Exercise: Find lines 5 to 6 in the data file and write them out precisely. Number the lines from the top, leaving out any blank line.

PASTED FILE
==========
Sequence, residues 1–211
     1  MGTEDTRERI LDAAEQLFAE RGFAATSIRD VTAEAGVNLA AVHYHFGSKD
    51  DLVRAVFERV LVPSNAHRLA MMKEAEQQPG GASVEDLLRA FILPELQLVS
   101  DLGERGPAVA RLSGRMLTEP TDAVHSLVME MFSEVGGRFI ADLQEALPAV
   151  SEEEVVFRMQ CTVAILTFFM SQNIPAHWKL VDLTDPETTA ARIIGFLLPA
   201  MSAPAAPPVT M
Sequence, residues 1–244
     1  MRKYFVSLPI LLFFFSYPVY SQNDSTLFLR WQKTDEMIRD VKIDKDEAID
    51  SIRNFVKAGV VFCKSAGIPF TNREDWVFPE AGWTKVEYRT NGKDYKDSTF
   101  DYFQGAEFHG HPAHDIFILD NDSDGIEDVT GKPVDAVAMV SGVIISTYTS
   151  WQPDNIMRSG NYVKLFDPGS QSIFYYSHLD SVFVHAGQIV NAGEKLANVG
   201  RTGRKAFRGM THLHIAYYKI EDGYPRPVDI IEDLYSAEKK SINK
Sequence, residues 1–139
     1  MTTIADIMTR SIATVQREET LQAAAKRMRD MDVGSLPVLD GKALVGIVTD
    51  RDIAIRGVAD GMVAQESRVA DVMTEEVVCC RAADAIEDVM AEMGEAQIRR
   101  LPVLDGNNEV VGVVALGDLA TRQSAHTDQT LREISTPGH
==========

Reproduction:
   151  SEEEVVFRMQ CTVAILTFFM SQNIPAHWKL VDLTDPETTA ARIIGFLLPA
   201  MSAPAAPPVT M